That being said, I had a blast and have been writing ‘I heart BSB’ on my pencil case ever since – I’m freelance now, thus the need to carry stationary around with me at all times.
Anyhoo, enough about my youth, let’s all just go away and download the Backstreet’s Back album and listen to it as we slice up some fat tofu steaks and whip up my version of this Japanese classic.

Teriyaki tofu steaks with broccoli
Serves 2 / Hands on time 10 mins / Total time 40 mins / V Df
You’ll need: 20cm oven-proof dish
280g firm tofu, drained
200g tender-stem broccoli
4 whole spring onions, outer layer removed and ends trimmed
For the marinade
2 tbs light soy sauce
1 tbs sweet chilli sauce
1 tbs maple syrup
1 tbs mirin
1 tsp sesame oil
1 tsp garlic oil or 1 garlic clove, crushed
1 knob of ginger, grated
To serve
Boiled rice or noodles
Black sesame seeds (optional)

1. Pre-heat an oven to 220°C/200°C fan/425°F/gas mark 7.
2. Drain the tofu and cut into thick steaks and place in the oven-proof dish before putting to one side.
3. In a bowl, combine the marinade ingredients together and pour evenly over the tofu steaks. Give the dish a shake until all the tofu is evenly covered. Bake in an oven for 15 mins, before taking out and carefully turning the steaks over – I do this by inserting a fork into each tofu steak and carefully flipping them over. Return to the oven for 15 more mins.
4. Meanwhile, use this time to cook the rice or noodles. Steam the broccoli and the spring onions together 5 mins before the tofu is due to come out.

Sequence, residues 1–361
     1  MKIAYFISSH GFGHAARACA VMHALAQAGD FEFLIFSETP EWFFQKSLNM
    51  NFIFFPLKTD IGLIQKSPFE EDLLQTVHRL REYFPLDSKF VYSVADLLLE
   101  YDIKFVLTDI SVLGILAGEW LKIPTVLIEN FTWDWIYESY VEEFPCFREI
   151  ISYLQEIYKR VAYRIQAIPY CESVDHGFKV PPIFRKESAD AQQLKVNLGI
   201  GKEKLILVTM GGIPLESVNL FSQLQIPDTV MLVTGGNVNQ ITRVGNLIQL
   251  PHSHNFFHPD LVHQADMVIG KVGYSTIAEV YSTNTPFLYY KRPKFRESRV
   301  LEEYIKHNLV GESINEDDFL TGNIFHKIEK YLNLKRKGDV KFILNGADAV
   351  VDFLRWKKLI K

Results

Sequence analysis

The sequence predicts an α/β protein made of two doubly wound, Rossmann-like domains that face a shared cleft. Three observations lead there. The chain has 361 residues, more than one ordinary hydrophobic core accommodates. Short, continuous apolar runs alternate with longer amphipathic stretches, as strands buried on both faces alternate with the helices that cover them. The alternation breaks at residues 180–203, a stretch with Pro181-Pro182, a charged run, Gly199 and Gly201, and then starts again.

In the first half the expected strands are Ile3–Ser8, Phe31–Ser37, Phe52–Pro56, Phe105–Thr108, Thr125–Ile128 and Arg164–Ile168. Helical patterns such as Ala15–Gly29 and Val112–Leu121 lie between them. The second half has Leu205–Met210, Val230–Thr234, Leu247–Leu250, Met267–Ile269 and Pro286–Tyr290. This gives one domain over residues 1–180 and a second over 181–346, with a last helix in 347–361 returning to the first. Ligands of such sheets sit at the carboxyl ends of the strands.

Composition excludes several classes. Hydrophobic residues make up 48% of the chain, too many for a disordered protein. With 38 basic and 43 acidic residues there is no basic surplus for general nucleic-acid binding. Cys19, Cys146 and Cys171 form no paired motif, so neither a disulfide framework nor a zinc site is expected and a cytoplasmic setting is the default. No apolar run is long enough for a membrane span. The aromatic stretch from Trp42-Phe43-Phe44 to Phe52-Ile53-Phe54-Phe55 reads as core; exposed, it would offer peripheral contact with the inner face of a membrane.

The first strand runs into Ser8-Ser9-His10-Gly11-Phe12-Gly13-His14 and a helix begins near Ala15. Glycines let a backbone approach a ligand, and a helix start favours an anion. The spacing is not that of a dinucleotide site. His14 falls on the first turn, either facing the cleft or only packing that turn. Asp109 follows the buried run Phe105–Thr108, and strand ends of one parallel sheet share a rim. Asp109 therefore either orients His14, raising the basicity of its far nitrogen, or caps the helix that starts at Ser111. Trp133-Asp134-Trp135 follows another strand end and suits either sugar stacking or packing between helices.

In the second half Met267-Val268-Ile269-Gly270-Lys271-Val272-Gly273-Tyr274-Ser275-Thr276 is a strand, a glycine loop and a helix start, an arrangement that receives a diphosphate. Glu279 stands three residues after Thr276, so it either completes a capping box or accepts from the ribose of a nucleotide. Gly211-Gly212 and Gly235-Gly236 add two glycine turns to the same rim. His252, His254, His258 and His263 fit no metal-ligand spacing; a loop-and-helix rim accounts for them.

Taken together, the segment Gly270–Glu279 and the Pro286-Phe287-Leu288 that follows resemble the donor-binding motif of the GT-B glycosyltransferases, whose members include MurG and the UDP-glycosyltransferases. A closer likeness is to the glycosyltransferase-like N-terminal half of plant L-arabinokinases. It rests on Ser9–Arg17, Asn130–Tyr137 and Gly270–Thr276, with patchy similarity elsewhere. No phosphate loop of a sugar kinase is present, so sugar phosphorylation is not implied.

5. Remove the tofu from the oven and leave to rest for 5 mins before lifting the steaks out and placing them on top of rice or noodles. Scrape out any remaining sticky sauce and top the tofu with it. Serve with the steamed greens and a sprinkling of black sesame seeds.

Baked teriyaki tofu with broccoli

If you’ve had a go at making any of my recipes, I’d love to hear from you. Follow me now @corrieheale and tag your recipe pictures using #corriesrabbitfood.

V – Vegetarian    Df – Dairy free

Celeriac baked rice ​with goats cheese

Celeriac baked rice with goats cheese
Celariac baked rice with goats cheese
Celeriac baked rice with goats cheese

They say don’t judge a book by its cover, although it’s hard not to when you’re staring down at the misshapen, ugly face of a celeriac. Its knobbly, gnarly and often hairy skin looks like something out of a science fiction film.
Like a lot of people, I am guilty of overlooking this vegetable, but I felt sorry for it sitting on the shelf next to the prettier and cutely named munchkin pumpkin – the celeriac never have a chance. So I took his ugly mug home and lovingly peeled, chopped and roasted him in this delicious rice dish. It’s what he would have wanted.